Relationship Between Mitral Valve Regurgitant Flow and Peripartum Change in Systemic Vascular Resistance

Homayoun Khanlou, MD, Négar Khanlou, MD, Glenn Eiger, MD

Disclosures

South Med J. 2003;96(3) 

In This Article

Discussion

A pregnant woman can have any type of cardiac disease seen in the nonpregnant woman, but some may have special characteristics such as peripartum cardiomyopathy.[1] The cardiovascular system undergoes profound changes during pregnancy, with an increase in total blood volume and cardiac output and a net progressive fall in SVR until 20 weeks of pregnancy, with no further change until delivery.[2] The aforementioned changes represent an increase above prepregnant values of 12 to 14%.[2] Also, as pregnancy evolves, there is an augmentation of mitral valve regurgitation that is particularly significant by 12 weeks of gestation.[3] Mitral regurgitation is usually well tolerated in pregnancy, mainly because of left ventricular unloading due to a physiologic fall in SVR.[4,5,6] These adaptive mechanisms return to their prepregnant values within 24 hours after delivery to maintain an intact cardiovascular system.[2,3] Thus, this physiologic adjustment must be taken into account in the cardiologic assessment of pregnant women.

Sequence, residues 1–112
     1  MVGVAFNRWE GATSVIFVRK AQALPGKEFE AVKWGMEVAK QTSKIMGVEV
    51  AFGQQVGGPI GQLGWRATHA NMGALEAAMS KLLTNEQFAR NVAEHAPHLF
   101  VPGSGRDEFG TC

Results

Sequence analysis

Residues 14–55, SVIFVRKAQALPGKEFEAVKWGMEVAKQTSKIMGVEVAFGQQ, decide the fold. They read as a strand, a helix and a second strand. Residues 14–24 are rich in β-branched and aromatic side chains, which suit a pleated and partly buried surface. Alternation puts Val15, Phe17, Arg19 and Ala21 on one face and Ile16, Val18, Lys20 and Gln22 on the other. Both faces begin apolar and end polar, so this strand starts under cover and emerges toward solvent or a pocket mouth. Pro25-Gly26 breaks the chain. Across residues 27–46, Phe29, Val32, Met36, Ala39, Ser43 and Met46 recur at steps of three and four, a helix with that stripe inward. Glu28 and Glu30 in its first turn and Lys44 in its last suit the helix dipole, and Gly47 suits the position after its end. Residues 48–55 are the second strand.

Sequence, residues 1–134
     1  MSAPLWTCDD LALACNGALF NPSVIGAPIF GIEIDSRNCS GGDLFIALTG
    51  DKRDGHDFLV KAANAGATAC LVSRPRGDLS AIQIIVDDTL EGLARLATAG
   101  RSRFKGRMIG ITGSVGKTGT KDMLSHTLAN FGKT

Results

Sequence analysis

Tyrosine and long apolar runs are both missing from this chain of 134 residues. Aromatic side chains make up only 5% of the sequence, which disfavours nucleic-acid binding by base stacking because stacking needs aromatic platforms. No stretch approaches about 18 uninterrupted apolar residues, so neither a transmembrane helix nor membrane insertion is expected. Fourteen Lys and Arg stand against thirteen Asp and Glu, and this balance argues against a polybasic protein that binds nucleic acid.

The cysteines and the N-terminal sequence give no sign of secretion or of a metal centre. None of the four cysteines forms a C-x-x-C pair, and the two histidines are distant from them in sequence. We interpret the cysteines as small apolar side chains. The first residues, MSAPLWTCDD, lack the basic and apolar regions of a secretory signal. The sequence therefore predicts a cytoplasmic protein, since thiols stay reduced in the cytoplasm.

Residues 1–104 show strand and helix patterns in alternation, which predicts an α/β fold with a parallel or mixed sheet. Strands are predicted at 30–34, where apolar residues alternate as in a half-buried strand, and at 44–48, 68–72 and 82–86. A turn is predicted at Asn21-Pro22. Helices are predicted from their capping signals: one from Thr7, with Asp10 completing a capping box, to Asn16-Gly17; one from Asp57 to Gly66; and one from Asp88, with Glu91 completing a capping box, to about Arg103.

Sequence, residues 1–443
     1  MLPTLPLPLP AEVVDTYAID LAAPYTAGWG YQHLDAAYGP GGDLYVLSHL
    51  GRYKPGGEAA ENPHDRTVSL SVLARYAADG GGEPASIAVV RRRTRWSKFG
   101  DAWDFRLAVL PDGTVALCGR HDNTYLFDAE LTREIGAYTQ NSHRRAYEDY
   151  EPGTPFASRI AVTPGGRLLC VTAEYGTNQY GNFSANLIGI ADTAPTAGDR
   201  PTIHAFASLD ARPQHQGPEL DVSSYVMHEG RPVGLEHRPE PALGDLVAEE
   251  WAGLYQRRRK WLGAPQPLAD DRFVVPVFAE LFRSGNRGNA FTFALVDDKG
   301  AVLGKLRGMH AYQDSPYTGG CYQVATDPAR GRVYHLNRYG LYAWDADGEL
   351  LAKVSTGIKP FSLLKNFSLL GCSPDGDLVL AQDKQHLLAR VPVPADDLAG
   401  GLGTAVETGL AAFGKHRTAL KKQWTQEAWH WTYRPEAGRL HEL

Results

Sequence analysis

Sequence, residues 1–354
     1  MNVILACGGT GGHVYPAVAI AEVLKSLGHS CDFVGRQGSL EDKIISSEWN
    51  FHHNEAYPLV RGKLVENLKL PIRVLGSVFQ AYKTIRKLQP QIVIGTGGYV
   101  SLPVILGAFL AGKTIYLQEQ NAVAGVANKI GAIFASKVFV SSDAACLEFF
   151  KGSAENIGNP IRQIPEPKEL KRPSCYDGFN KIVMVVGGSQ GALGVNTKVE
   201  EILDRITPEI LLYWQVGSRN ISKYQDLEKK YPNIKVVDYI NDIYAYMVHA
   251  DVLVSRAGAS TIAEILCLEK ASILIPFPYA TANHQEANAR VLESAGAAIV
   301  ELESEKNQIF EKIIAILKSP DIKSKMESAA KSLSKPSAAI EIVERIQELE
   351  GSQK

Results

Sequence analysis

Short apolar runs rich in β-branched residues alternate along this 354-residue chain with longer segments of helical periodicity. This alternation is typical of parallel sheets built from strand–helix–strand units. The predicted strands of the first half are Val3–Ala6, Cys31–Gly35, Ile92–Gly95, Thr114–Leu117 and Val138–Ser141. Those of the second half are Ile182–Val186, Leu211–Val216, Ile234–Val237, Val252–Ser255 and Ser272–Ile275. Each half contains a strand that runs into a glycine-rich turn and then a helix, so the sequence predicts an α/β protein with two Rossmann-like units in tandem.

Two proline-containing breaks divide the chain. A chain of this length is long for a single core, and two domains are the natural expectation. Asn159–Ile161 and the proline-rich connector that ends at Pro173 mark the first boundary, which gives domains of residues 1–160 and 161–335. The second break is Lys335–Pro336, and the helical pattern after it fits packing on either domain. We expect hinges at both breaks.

Our patient's clinical course presents several important points. It is known that orifice area, heart rate, contractility, preload, and SVR determine the magnitude of the regurgitant flow.[4,5] In fact, the hemodynamic changes observed in our patient behaved like an acute severe mitral regurgitation with decreased left atrial compliance resulting in increased left atrial pressure and subsequent development of pulmonary edema. Her clinical course was not consistent with sepsis or noncardiogenic pulmonary edema, as also evidenced by blood cultures, pulmonary artery catheter values, chest x-ray films, and a rapid response to diuretic therapy. It is reasonable to hypothesize that the development of pulmonary edema with normal systolic and diastolic left ventricle function was possibly due to an increase in mitral regurgitant flow due to sudden augmentation of SVR as evidenced by Swan-Ganz and echocardiographic measurements. It also illustrates that the delay in adaptive mechanisms, which usually occur progressively after delivery, can be sudden and may extend up to several days beyond delivery. The rapid augmentation of SVR and return to prepregnancy mitral valve surface area can provoke an important increase in atrioventricular gradient, resulting in severe pulmonary edema and necessitating mechanical ventilation.

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